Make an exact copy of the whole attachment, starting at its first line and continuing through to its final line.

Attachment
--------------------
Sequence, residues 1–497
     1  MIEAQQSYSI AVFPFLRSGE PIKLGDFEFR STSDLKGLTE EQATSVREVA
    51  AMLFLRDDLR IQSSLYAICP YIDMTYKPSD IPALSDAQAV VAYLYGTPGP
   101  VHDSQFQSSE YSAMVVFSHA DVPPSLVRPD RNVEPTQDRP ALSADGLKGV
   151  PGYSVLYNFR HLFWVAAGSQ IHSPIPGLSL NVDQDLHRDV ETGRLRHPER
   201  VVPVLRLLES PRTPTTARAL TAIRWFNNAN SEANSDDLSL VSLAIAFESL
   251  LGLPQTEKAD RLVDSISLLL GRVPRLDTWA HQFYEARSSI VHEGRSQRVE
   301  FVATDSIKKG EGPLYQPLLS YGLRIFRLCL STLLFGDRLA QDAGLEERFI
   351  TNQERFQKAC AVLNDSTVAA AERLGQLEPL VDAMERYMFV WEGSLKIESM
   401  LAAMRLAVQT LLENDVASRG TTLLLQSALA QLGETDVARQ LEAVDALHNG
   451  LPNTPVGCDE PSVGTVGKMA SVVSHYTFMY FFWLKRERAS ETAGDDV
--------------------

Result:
Sequence, residues 1–497
     1  MIEAQQSYSI AVFPFLRSGE PIKLGDFEFR STSDLKGLTE EQATSVREVA
    51  AMLFLRDDLR IQSSLYAICP YIDMTYKPSD IPALSDAQAV VAYLYGTPGP
   101  VHDSQFQSSE YSAMVVFSHA DVPPSLVRPD RNVEPTQDRP ALSADGLKGV
   151  PGYSVLYNFR HLFWVAAGSQ IHSPIPGLSL NVDQDLHRDV ETGRLRHPER
   201  VVPVLRLLES PRTPTTARAL TAIRWFNNAN SEANSDDLSL VSLAIAFESL
   251  LGLPQTEKAD RLVDSISLLL GRVPRLDTWA HQFYEARSSI VHEGRSQRVE
   301  FVATDSIKKG EGPLYQPLLS YGLRIFRLCL STLLFGDRLA QDAGLEERFI
   351  TNQERFQKAC AVLNDSTVAA AERLGQLEPL VDAMERYMFV WEGSLKIESM
   401  LAAMRLAVQT LLENDVASRG TTLLLQSALA QLGETDVARQ LEAVDALHNG
   451  LPNTPVGCDE PSVGTVGKMA SVVSHYTFMY FFWLKRERAS ETAGDDV